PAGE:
Television Spots

    Six television commercials for The Exorcist are presented under their own submenu. They are all presented in Full Frame format without 16x9 Enhancement, and with Dolby Digital 1.0 sound. The six commercials are listed as Beyond Comprehension (0:33), You Too Can See The Exorcist (0:34), Between Science And Superstition (1:03), The Movie You've Been Waiting For (1:03), Nobody Expected It (0:33), and Life Had Been Good (0:33). The second of these commercials is especially hilarious stuff, and well worth the effort to watch. However, the quality of these television commercials is not the best.

Audio Commentary - William Friedkin (director)

    This commentary is poorly mixed with the original audio soundtrack, and a bit of effort has to be made in order to properly hear what William Friedkin is saying. However, what he does say during the course of the film often makes me want to scream at him that he hasn't made another Amadeus or Star Wars, he's just made a typical summer horror blockbuster that is long on hype and short on intelligence. It's worth listening to once, maybe, but I would not take the time to listen to it again. One thing in Friedkin's favour, however, is the fact that he doesn't feel the need to keep on speaking when he has nothing of any great value to tell the listener.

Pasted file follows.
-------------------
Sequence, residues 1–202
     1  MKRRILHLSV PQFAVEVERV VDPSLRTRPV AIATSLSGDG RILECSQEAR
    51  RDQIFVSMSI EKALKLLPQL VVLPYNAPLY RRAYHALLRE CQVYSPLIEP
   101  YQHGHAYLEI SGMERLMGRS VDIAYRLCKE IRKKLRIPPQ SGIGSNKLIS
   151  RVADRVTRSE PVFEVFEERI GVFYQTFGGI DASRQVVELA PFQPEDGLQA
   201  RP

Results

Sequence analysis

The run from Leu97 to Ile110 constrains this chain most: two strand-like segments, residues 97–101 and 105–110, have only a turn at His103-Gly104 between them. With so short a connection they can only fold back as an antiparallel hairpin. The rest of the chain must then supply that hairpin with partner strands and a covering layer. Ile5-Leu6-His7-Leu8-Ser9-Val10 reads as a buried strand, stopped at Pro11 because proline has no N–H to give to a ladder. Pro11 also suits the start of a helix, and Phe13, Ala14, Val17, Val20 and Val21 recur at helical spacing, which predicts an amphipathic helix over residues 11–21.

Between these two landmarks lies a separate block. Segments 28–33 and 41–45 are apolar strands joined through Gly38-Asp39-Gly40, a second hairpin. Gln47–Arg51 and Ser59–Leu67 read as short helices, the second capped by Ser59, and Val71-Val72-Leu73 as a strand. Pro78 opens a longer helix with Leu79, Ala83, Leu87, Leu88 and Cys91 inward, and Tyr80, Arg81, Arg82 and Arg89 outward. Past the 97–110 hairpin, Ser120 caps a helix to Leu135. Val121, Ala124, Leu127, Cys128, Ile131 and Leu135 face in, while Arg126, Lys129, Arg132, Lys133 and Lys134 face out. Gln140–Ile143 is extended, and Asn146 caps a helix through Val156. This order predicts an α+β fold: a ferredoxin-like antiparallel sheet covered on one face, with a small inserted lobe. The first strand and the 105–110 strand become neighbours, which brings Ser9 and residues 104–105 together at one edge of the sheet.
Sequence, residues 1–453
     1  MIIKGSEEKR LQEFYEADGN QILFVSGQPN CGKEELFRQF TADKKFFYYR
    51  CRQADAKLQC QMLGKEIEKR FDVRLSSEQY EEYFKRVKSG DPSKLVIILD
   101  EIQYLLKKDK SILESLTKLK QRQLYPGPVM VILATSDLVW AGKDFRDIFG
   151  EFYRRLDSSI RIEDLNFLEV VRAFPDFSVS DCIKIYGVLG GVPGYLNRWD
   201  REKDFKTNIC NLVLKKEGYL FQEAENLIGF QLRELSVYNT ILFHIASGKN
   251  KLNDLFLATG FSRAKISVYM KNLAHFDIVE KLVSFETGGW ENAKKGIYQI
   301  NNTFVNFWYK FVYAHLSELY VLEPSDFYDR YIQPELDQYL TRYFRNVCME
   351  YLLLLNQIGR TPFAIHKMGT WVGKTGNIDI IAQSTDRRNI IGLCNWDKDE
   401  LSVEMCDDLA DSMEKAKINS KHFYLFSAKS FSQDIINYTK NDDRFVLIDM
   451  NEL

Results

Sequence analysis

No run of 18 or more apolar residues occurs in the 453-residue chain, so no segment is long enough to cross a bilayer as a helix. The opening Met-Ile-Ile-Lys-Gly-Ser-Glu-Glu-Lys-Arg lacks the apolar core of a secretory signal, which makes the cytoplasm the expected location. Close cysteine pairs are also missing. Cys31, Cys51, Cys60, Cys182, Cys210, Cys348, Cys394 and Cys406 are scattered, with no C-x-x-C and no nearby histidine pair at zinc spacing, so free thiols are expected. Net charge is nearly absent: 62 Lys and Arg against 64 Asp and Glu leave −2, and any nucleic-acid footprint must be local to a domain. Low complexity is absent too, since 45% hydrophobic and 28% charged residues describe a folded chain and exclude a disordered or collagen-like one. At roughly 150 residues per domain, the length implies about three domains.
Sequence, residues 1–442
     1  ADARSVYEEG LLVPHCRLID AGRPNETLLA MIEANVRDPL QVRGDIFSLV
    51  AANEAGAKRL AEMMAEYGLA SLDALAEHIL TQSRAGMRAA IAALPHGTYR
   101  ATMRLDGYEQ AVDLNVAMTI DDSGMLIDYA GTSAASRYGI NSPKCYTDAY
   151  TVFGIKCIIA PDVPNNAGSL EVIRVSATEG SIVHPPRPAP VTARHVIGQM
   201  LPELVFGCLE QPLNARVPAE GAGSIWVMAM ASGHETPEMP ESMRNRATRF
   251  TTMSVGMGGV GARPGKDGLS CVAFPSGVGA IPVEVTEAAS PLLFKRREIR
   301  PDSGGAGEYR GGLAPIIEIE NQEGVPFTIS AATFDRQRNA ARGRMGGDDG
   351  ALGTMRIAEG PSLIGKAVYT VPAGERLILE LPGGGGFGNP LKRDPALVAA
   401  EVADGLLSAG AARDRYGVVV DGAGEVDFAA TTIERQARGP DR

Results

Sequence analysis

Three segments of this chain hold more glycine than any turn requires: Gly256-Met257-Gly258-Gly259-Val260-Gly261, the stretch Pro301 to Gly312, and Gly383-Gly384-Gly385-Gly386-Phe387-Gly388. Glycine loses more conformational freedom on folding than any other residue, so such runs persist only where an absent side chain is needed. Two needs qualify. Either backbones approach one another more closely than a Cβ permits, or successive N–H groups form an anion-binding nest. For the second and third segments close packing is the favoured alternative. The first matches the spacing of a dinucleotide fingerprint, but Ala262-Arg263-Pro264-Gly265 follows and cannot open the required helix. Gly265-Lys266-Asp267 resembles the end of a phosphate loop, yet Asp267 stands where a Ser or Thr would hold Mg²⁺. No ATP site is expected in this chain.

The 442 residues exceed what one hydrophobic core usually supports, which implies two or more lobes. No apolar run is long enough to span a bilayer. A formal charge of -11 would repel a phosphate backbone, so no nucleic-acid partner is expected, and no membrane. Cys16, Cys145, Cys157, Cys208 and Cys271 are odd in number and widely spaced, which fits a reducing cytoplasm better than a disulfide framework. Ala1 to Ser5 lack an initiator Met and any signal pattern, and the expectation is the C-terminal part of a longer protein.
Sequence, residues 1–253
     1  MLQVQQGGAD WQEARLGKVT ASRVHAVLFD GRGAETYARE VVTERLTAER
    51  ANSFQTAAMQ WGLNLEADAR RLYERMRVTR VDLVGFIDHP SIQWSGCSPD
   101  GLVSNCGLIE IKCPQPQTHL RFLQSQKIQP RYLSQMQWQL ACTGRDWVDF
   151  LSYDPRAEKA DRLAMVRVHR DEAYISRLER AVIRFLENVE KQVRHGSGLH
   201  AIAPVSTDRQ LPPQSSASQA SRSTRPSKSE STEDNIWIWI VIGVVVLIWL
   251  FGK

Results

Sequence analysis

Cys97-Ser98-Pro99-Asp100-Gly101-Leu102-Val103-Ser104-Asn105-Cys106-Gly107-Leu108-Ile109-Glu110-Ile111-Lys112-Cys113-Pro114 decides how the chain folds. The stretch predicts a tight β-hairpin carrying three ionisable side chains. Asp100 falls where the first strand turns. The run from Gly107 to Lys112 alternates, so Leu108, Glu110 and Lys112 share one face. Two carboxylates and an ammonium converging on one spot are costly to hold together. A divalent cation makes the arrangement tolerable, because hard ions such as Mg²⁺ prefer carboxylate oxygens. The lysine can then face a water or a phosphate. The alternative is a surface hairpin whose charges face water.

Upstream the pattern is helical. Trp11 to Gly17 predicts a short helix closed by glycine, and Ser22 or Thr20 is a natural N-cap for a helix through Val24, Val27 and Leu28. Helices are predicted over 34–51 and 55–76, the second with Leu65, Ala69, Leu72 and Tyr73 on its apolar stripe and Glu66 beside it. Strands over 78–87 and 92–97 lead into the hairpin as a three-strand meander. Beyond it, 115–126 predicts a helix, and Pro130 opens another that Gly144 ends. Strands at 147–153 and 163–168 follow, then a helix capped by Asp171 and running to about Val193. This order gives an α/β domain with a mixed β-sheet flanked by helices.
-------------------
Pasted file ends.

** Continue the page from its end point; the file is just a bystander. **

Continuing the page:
Audio Commentary - William Peter Blatty (writer)

    Sadly, this is not a full-length commentary, clocking in at somewhere in the neighbourhood of fifty-seven minutes. Like William Friedkin, he has no desire to speak incessantly, although I feel that this indicates he has little of any interest to say. A lot of what he does say has little to do with the action on the screen, and more to do with the background information of the film. After the commentary ends, we are treated to a thirteen-minute demonstration of the vocal sound effects done by one Mercedes McCambridge and inserted into the soundtrack to replace the lines spoken by Linda Blair, as well as what sound like some test recordings of these effects. I didn't find either part of this commentary to be particularly interesting.

Documentary - The Fear Of God: 25 Years Of The Exorcist (52:46)